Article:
DAILY NEWS Oct 28, 2012 8:16 PM - 0 comments

Eastern U.S., parts of Canada brace for Hurricane Sandy

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Forecasters are suggesting Hurricane Sandy will transition into a large post-tropical cyclone, likely making landfall somewhere near New Jersey Monday and bringing heavy rain to the eastern United States and Canada.

“The official NHC track forecast brings the center of the storm over the coast of central New Jersey, near Atlantic City, late Monday night or early Tuesday morning,” Tim Doggett, principal scientist at AIR Worldwide noted in a statement. “However, there is still considerable uncertainty as to when the westward turn will happen, which will have a significant impact on where along the coast Sandy will make landfall.”

Image of Sandy from space

Several eastern U.S. states have declared states of emergency, and have ordered evacuations for some residents. “Some 60,000 National Guard troops have been mobilized in preparation to assist local authorities, and hundreds of storm shelters have been set up across the region,” according to AIR.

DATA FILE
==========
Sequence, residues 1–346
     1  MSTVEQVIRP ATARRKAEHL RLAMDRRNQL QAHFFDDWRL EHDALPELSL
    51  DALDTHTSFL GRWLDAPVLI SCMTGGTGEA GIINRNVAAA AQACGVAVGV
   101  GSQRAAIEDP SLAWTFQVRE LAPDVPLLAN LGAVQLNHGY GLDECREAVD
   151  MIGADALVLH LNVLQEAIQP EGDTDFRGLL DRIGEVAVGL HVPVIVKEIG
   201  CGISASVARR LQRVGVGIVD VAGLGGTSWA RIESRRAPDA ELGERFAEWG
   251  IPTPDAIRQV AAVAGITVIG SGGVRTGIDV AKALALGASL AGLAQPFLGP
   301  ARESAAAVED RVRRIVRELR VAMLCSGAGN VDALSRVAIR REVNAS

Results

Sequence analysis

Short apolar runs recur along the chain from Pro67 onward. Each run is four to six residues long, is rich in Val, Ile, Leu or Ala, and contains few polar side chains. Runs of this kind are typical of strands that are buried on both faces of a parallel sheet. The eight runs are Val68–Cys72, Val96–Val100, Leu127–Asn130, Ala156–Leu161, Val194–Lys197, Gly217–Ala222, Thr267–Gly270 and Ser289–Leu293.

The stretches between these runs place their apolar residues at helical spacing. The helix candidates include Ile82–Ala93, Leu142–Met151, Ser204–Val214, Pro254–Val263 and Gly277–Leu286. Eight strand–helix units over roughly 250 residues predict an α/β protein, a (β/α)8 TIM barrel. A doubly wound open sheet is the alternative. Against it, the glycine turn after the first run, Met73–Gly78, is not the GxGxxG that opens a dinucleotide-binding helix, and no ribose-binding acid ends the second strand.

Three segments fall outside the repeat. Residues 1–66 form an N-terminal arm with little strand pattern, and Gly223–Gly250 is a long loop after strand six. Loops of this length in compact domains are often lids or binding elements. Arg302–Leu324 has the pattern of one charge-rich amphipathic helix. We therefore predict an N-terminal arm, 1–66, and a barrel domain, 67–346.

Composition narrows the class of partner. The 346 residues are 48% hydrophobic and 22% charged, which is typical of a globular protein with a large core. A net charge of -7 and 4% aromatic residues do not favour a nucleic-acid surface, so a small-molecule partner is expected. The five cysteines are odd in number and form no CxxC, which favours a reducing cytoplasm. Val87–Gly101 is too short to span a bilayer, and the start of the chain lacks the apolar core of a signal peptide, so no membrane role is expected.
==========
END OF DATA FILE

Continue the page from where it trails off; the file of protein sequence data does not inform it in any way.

Rain from the storm likely won’t begin to affect Canadian territory, including southern Ontario, Quebec and the Maritime provinces, until late Monday or early Tuesday, the Canadian Hurricane Centre noted Sunday. Rainfall amounts will vary, with some localized areas seeing up to 75 mm, the centre said.

“The precipitation could mix with or change to snow over parts of south-central Ontario and extreme western Quebec as temperatures approach the freezing mark north and west of the storm,” the centre forecasted.

Southern Ontario will also see high winds of up to 100 km per hour, while western Quebec could see up to 90 km per hour.

“These gusts could cause broken tree limbs or in some cases uprooted trees which may result in downed utility lines,” the CHC said. “Residual falling leaves can also obstruct storm water drainage systems along roadways particularly in urban areas.  This combined with heavy rainfall could increase the risk of flooding in some areas.”

There is also a risk of very large waves on the Atlantic coast of Nova Scotia that could possibly cause locally elevated water levels, the centre said.

Image: Hurricane Sandy as seen from space Oct. 28 at 9:02 a.m. ET. (Credit: NASA GOES Project)

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